Death by mortgage

How the rise of real estate led to the fall of Lehman.

By Ben Stein, contributor

Ben Stein

NEW YORK (Fortune) -- "It takes two to make an accident.... I hate careless people."
-- Jordan Baker, the shady golf pro in "The Great Gatsby"

"Throw in the towel because I'm makin' 'em sweat
Or put your house on the line and I can cover the bet."
-- Ludacris, "Put Your Money Where Your Mouth Is."

* * * * * *

The road to the Fall of the House of Lehman runs right by the soon-to-be lost home of John and Susan, fictional names of two very real people I know, who until recently lived in splendor in a gilded inland enclave of Central Inland California. These are two truly fine people.

The husband, in his mid-forties, worked for most of his life at two businesses: He originated large but subprime mortgages for people who wanted huge homes but did not have a lot of income, at least not verifiable income; his other business was building large spec homes at fancy prices.

Susan's job, meanwhile, was gently and lovingly urging her husband to make more money so she could be truly rich, not just almost rich. He took the cues and hired more employees and borrowed every dime he could, including multiple mortgages on their residence, to build more homes and hire more mortgage sales people.

For many years, it worked well, and John and Susan had a lush life -- until the strategy fell off a cliff. (Very much like the great Hemingway story about the man who had been rich and became poor in the Great Depression. "How did you get to be broke?" asked Hemingway. "Slowly," said the friend, "then all at once.")

Home prices reached unsustainable levels. People stopped buying. The large entities to which John had been selling his mortgages stopped buying them except at prices that made the interest rates unaffordable. Both businesses collapsed.

But the employees still had to be paid, at least for a while. The interest on the loans definitely had to be paid. The couple became dead broke, sad, got divorced, and now await foreclosure on everything they own in the way of real estate.

If you imagine an entire nation, or a large class of a nation, living that carelessly, you have an idea of the size of the accident that was about to happen and did happen. If you imagine a Wall Street and many Wall Street institutions that were just as careless, that were betting their lives that the boom would go on forever, you have an idea of what happened in 2008 and is still playing out.

Wall Street bought the loans that John and many others originated, packaged them, tried to sell them fast, but some of it simply could not be sold before the house of cards collapsed.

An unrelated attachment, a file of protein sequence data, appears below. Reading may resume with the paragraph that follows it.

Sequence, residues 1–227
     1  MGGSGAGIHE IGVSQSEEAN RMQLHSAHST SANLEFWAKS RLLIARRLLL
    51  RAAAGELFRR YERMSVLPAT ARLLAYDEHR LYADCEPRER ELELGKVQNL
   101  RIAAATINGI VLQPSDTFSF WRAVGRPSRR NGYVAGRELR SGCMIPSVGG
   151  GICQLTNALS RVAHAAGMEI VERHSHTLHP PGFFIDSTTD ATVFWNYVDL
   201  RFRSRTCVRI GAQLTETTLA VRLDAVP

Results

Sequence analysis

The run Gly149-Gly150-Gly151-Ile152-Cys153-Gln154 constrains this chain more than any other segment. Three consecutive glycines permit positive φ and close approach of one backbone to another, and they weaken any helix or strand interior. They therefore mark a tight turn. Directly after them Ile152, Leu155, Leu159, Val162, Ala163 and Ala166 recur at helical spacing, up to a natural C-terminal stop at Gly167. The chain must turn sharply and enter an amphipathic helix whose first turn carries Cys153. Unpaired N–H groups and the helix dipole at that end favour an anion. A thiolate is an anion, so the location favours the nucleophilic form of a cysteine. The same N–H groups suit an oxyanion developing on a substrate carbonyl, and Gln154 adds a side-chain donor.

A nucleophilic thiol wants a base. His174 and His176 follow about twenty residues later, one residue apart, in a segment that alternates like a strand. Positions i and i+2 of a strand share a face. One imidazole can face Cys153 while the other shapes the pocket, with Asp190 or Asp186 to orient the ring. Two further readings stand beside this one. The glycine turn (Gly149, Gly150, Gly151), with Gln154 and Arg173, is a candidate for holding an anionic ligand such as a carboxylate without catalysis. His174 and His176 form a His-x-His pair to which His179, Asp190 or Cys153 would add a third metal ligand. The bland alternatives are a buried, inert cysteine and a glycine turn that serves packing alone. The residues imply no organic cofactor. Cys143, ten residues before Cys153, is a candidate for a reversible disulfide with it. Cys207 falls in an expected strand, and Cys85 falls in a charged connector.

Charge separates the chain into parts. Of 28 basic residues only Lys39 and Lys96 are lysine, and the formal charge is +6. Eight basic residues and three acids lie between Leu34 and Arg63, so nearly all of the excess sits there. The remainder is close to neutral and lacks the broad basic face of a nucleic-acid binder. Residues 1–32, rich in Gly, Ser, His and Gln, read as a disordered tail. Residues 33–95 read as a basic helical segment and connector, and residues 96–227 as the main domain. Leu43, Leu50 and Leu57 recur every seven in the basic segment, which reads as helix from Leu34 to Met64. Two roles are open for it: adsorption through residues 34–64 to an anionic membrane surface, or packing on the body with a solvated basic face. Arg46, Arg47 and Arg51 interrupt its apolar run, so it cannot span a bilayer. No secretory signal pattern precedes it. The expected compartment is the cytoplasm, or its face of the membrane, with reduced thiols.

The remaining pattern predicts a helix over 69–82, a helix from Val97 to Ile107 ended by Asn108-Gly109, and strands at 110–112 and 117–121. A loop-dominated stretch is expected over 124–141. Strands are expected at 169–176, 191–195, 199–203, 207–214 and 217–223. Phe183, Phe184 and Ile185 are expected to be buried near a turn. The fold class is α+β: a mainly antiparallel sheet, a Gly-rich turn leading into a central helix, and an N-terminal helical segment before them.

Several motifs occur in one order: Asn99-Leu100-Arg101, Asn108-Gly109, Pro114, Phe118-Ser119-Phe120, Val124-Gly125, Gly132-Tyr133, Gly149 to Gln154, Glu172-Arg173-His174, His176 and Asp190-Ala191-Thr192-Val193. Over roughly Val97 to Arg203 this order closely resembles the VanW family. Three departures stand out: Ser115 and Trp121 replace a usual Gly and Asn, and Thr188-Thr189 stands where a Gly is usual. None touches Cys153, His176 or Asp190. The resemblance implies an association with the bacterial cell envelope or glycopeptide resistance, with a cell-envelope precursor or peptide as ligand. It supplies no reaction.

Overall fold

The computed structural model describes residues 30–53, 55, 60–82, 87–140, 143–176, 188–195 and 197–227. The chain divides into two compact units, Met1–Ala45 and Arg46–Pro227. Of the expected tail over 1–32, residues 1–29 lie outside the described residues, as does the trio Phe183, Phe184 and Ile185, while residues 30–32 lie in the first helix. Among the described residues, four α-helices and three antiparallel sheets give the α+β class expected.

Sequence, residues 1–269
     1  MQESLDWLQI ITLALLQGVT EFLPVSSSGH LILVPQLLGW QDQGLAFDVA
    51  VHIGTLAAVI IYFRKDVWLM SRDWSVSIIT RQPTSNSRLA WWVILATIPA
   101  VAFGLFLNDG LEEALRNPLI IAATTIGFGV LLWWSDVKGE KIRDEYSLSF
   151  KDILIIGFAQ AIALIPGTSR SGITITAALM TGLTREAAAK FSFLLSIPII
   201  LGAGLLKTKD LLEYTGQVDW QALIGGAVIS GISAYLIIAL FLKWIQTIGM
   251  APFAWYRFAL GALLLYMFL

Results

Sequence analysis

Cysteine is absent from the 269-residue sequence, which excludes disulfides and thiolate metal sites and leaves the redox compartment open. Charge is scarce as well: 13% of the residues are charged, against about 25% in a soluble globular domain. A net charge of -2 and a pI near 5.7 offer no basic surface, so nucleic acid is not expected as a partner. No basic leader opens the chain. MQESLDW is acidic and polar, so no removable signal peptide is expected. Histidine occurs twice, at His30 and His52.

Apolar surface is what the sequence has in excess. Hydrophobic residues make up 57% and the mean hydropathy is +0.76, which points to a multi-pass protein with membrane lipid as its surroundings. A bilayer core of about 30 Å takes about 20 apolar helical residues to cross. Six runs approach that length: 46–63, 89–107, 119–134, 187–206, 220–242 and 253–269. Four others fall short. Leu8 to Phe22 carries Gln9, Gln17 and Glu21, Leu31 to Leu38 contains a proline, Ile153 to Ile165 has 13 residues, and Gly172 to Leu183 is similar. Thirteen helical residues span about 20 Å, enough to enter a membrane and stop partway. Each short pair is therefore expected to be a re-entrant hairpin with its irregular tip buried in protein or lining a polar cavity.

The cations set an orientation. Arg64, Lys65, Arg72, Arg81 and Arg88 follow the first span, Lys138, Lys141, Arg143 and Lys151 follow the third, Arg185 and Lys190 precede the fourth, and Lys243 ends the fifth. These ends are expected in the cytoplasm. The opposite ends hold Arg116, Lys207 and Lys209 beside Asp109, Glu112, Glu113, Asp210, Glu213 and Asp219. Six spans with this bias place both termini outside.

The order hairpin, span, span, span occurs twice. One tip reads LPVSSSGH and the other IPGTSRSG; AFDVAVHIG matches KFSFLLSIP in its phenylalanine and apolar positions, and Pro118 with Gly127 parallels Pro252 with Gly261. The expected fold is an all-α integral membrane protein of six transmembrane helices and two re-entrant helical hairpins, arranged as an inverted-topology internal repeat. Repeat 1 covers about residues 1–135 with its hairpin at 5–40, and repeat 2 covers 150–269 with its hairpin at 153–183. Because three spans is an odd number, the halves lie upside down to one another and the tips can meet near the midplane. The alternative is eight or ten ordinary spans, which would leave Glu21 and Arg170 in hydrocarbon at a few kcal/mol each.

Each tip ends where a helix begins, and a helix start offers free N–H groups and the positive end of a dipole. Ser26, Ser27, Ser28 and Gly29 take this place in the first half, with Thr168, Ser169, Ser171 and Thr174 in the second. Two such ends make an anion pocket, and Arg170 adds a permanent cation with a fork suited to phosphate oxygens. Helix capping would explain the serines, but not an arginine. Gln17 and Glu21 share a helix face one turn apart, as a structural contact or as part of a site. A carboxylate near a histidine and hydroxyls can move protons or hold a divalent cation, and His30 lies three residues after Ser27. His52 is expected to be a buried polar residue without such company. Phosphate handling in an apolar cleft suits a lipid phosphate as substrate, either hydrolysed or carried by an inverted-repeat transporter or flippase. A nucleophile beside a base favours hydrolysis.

More painful, some Wall Street institutions, especially Lehman, did what Ludacris sang about: They covered the bets on real estate by selling credit default swaps, essentially insurance on the bonds into which Wall Street had packaged the loans originated by small players like John and big huge players like Bank of America (BAC, Fortune 500) and Washington Mutual and Wachovia and Wells Fargo (WFC, Fortune 500).

When the markets and the speculators got an idea of the tsunami of foreclosures and delinquencies that were coming ashore, they sold these mortgage bonds like Sherman burning Atlanta. The insurers were left in an impossible position. They had never imagined a collapse of this magnitude and lacked collateral to cover their insurance bets. Some were broke.

As the traders got wind of this "problem," they simply killed the stock prices of the CDS-offerers, refused to extend credit to the houses in trouble, especially to Lehman, which was never really well-liked on the Street anyway.

In a maneuver out of the Devil's playbook on "How to Create a New Great Depression," Messrs. Bernanke, Paulson, and Geithner refused to rescue Lehman. (They easily could have. Merely for Mr. Bernanke to have said he was going to rescue Lehman would have done the trick.)

The problem became a crisis and the nation fell into a Great Recession. John and Susan cry a lot and wonder what happened. They now realize they should have been a little less careless. It's too late.

Ben Stein is a lawyer, actor, writer, and economist, who also appears in commercials as a spokesman for various companies. To top of page

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